Sunday, November 1, 2009

Your relationship to language

I find myself getting into arguments on the internet lately, taking a side that, at one time, I didn't think I'd ever take: that of defending some of the most irritating habits of colloquial speech. If you spend any time reading and contributing to online discussions, you know the kind of argument I mean. Somebody says something like, "My sister has issues," and then some self-appointed savior of the language swoops in to inform the OP (original poster, for those of you who don't engage in these kinds of discussions) that their sister has problems, not issues, and that they hate it when people confuse the two. (And then there are those who will object to my using the plural possessive to refer to a singular antecedent in the previous sentence, whom I respectfully invite to suck it.)

No, I don't especially like lazy and imprecise usage--but I dislike sanctimony even more, especially when it is in the service of a pointless losing battle like the one waged daily against the forces of linguistic invention. The fact is, "issues" is now a synonym for "problems," and if the world needs a new word to claim the territory that "issues" is now spread too thin to cover, then such a word will soon spring into being. Your OED may not be fond of one's sister's issues, but soon it will be, because, as any lexicographer will tell you, the rules of language are constantly in flux, and innovation is constantly ongoing. Mistakes turn into habits turn into scripture, more quickly now than ever before.

I'm a teacher of writing, though, and I can't help but be annoyed when I encounter, even among my grad students (you know who you are!), fundamental problems ("issues," if you will) with verb tenses, point of view, subject-verb agreement, and syntactic ambiguity (the unintentional and distracting variety, that is). They should know better. But really, it's hard to blame them--the writer has to inhabit two minds at once: the one that adores the colloquial, with all its beautiful awkwardness and random innovation, and the one that values clarity and brevity above all else.

For my part, I fall more into the colloquial-enjoyment camp with every passing year. Indeed, the main reason I love the internet so much is the enormous variety of written voices--freed from the rules of grammar and usage (not to mention definitive personal identity), internet writers are wildly expressive and distinctive, as much through their flaws as communicators as through any intentional gambit.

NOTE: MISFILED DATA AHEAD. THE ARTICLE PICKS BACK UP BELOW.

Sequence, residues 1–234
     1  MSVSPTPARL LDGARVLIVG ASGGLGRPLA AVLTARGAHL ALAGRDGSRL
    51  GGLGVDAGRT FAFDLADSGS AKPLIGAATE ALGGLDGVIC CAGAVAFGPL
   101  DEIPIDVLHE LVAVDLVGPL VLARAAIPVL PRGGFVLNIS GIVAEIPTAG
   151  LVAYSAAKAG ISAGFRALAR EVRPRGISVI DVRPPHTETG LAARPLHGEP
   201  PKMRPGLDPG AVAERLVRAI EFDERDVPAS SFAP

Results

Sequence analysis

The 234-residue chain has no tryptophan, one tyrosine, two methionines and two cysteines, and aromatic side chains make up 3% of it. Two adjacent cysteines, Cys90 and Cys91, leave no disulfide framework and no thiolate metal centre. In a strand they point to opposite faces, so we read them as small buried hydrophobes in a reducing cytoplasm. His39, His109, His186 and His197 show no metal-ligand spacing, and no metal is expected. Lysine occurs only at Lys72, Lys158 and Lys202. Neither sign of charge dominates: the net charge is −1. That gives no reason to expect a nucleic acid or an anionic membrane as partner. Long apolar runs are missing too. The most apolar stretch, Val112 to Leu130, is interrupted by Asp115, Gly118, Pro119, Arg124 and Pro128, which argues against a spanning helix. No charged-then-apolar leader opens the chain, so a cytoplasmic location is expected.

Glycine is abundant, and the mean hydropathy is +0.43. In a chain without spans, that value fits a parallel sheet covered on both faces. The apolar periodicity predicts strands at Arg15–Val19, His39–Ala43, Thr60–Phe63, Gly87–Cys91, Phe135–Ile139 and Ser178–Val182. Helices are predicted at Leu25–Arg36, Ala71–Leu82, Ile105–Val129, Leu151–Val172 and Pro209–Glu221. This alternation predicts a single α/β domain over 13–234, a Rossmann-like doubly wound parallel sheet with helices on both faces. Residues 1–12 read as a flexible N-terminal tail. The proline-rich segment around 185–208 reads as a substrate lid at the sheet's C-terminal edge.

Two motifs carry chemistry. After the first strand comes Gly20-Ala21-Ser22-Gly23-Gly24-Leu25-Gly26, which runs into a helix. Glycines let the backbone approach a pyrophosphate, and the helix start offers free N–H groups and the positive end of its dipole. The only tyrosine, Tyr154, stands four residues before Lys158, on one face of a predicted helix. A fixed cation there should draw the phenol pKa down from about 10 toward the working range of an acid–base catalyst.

Where do you stand on this issue? (Not, I'm sure you'll agree, "problem".)

20 comments:

rmellis said...

I knew it was time for me to turn in my grammar snoot card when I realized I preferred "I could care less" to the technically correct "I couldn't care less."

I also like spelling things wrong to make them funnier.

And when are we going to get a gender-neutral singular pronoun? Until then, "they" it is.

Paul said...

I am part of the camp that too loves new coinings but is annoyed by imprecision.

The use of issues I find a bother mostly because I interpret it as a subjective form of problems in that if you have issues, you may or may not actually have a problem, what you have is being unhappy, and for no explicated reason, with some state of affairs. "I have issues" gives me no information about anything but a state of mind.

My favorite recent usage is totally which because I find it so amusing I have been overusing. What I like about this is that it has lost the necessary requirement of fulfilling the action as in "I could totally eat that" does not mean that you will finish it or intend to but more that you really want to start eating it.

Love language change just like I love chaos but sometimes it is still good to drive on the right side of the road.

jrlennon said...

"I could totally eat that" is teh awesome, I agree. It's akin to saying that something really delicious makes you "eatier."

I still prefer, by a wide, wide margin, "I couldn't care less."

sjwoo said...

I have issues with your problems and problems with your issues. The couldn't care-could care has always befuddled me. Is the measure of uncaring necessarily higher because you couldn't find the desire to care? Couldn't it be because you are simply an absentminded buffoon?

As someone who learned the wonders of English later than most (before 10, I only knew Korean), let me just say this language, for all its beauty, is also just plain crazy.

Jay Livingston said...

I don't think you meant me, but I just blogged about "issues" (a post with the title "Houston, We Have an Issue"). What I wonder is whether issues to mean problems will last. I'm old enough to remember the bull market in "viable," so I guess I'm asking, is "issues" viable.
(The "their" in someone and their sister -- that's just because English doesn't have a gender-neutral singular.

rmellis said...

See, you *could* care less, but you don't want to be bothered...

I like "issues" just because of the new implications the word has acquired. Yeah, it only tells you a state of mind, but it hints at a history of neurotic rumination, which is funny. My younger son described an incident in which a classmate chased him with raised hockey stick: "He has anger issues." Haha, no kidding!

Though I'm glad I never had to learn English as a second language, I think it would be interesting -- speakers of English as a second language often have insights into it that we native speakers will never have.

jrlennon said...

Jay, I hadn't seen your post...maybe it's just in the air right now...the pet peeve du jour.

Stephen said...

What are Italian, French, Spanish, Romanian and Portuguese but Latin with issues?